It’s time for brief reviews of two science fiction novels by masters of the genre. I’ve had these books sitting around for a while, and only just got around to reading them.
Time for the Stars, by Robert A. Heinlein – I believe this is the first work I’ve read by Heinlein, an author I’ve heard has included themes of fascism and incest in his books. I didn’t see that here, aside from the statement that the protagonist is going to marry his own great-grandniece. See, the story deals with the idea that travel at the speed of light skews time, so that a vehicle achieving that speed will result in its occupants aging much more slowly than people back on Earth. The conceit here is that telepathy operates instantaneously, and it’s been discovered that twins and other close relatives can sometimes communicate telepathically. The protagonist contacts his brother while in space, and later his brother’s descendants. Nothing to write home about, but an interesting and pretty fast read.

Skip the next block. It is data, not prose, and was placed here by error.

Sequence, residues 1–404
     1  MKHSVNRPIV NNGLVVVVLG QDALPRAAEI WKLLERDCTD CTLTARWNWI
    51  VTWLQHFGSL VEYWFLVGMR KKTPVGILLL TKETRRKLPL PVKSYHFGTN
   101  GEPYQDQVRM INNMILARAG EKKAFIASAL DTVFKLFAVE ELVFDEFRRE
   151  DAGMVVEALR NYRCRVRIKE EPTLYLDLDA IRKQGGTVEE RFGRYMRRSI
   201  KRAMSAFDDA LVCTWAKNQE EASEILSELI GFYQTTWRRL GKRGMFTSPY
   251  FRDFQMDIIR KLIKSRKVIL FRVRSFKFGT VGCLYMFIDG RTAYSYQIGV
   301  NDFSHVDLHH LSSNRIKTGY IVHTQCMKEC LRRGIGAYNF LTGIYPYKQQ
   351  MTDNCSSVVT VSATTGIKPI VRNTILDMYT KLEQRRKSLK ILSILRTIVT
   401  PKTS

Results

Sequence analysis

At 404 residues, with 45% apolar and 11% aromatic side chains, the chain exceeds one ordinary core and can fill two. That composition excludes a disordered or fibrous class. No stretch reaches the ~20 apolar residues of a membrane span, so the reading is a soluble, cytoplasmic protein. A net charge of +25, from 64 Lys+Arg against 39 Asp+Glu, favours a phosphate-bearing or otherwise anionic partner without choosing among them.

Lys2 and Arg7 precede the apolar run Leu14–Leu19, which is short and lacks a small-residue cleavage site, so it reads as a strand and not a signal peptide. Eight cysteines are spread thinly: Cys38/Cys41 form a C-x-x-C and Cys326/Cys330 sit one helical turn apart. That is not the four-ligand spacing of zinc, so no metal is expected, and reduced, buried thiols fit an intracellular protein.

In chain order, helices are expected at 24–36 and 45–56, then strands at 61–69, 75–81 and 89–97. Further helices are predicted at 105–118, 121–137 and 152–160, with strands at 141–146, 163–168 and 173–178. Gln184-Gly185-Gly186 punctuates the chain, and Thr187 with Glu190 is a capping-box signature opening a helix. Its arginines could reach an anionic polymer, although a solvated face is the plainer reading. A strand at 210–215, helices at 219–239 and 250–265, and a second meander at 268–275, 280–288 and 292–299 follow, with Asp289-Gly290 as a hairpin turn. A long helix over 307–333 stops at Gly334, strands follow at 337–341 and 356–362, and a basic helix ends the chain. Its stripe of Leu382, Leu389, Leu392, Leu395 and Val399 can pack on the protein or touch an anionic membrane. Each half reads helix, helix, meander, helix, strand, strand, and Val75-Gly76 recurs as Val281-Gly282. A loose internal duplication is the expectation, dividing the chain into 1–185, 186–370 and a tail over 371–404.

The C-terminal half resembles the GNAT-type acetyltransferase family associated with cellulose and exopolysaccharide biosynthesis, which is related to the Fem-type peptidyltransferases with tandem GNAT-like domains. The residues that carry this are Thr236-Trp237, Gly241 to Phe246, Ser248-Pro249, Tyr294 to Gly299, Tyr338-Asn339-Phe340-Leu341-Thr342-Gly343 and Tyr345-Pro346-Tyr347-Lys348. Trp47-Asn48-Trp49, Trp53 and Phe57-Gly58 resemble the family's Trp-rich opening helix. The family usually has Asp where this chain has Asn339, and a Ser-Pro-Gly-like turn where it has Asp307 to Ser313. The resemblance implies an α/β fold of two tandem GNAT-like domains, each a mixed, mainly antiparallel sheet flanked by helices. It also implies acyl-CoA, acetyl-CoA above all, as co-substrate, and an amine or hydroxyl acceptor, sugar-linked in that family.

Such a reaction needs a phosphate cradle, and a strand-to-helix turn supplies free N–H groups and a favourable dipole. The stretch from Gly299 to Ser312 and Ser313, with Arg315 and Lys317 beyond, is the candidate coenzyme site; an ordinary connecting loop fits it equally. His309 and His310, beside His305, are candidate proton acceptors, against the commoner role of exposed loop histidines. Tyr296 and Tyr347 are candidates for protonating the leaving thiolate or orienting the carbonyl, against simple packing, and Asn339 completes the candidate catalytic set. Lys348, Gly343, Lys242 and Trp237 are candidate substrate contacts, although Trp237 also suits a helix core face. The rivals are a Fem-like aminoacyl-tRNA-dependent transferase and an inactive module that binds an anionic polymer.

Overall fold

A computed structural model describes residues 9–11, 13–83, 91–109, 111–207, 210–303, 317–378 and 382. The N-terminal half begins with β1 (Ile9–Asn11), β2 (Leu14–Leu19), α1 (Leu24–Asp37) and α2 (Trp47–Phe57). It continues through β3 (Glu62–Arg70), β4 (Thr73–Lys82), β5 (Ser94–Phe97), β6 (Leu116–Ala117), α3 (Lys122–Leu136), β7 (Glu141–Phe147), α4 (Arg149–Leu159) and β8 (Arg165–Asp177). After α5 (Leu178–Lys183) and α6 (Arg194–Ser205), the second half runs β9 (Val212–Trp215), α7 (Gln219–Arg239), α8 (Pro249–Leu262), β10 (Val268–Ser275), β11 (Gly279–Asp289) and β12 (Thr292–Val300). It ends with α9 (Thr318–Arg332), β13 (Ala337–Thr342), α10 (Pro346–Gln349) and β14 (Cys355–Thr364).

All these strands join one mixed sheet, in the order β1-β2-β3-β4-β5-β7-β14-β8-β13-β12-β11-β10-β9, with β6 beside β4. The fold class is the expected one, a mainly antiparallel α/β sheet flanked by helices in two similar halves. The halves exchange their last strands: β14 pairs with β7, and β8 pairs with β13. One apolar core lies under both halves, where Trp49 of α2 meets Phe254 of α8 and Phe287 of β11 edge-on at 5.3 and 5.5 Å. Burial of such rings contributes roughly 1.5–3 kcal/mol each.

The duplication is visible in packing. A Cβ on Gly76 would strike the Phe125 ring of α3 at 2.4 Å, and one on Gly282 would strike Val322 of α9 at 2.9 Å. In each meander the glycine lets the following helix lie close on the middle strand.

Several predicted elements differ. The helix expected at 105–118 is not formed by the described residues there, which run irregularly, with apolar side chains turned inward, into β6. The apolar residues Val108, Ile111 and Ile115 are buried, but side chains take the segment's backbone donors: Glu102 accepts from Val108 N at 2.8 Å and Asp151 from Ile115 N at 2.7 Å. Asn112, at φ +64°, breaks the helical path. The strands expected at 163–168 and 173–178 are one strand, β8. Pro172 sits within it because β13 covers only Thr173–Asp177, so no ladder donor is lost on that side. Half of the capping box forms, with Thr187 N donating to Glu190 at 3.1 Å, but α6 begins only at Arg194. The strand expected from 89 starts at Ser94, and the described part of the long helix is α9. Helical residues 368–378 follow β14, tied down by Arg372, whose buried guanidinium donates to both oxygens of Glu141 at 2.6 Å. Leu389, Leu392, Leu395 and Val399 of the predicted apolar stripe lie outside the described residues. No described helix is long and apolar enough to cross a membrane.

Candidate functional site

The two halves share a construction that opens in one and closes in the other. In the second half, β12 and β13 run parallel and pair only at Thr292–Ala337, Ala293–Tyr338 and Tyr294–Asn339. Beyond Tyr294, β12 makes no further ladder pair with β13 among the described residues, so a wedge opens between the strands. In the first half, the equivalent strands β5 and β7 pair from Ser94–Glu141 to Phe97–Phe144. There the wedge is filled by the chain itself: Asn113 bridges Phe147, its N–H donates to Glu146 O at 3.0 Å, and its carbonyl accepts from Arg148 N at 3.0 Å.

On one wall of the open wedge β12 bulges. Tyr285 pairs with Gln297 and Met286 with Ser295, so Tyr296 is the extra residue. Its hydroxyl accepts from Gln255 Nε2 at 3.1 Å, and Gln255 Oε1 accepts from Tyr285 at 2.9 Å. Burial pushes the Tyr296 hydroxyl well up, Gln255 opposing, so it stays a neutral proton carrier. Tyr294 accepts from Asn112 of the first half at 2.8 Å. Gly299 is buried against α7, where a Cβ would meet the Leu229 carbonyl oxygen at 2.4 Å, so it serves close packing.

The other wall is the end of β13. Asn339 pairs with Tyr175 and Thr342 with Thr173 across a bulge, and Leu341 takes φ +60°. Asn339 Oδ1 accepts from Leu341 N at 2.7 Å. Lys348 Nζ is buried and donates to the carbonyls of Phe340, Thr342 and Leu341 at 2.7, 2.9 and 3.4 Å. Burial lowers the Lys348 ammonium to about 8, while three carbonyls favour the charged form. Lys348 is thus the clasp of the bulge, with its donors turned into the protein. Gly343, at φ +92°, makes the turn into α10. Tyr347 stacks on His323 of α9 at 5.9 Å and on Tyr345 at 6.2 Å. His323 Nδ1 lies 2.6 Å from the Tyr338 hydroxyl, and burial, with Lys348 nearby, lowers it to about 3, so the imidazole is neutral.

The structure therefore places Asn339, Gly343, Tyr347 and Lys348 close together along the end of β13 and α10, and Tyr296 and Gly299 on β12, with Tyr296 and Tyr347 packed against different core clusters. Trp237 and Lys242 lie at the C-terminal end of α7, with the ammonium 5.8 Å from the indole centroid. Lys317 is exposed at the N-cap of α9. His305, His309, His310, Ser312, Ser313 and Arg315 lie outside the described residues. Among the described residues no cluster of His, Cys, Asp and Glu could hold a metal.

The Songs of Distant Earth, by Arthur C. Clarke – This novel is partially Clarke’s attempt to present a more realistic depiction of space travel, without warp drive or other means of faster-than-light flight. Instead, a dying Earth sends off seedships containing genetic material to other inhabitable planets, where they can begin life anew. One of these planets, Thalassa, is entirely ocean except for three small islands, where a human population flourishes over the years. During the story, a ship with actual humans from Earth kept in suspended animation stops by Thalassa en route to another planet, and the two human cultures interact and clash. Not a whole lot really happens, but it’s not a bad read at that. I found the ideas about developments in future history to be particularly interesting.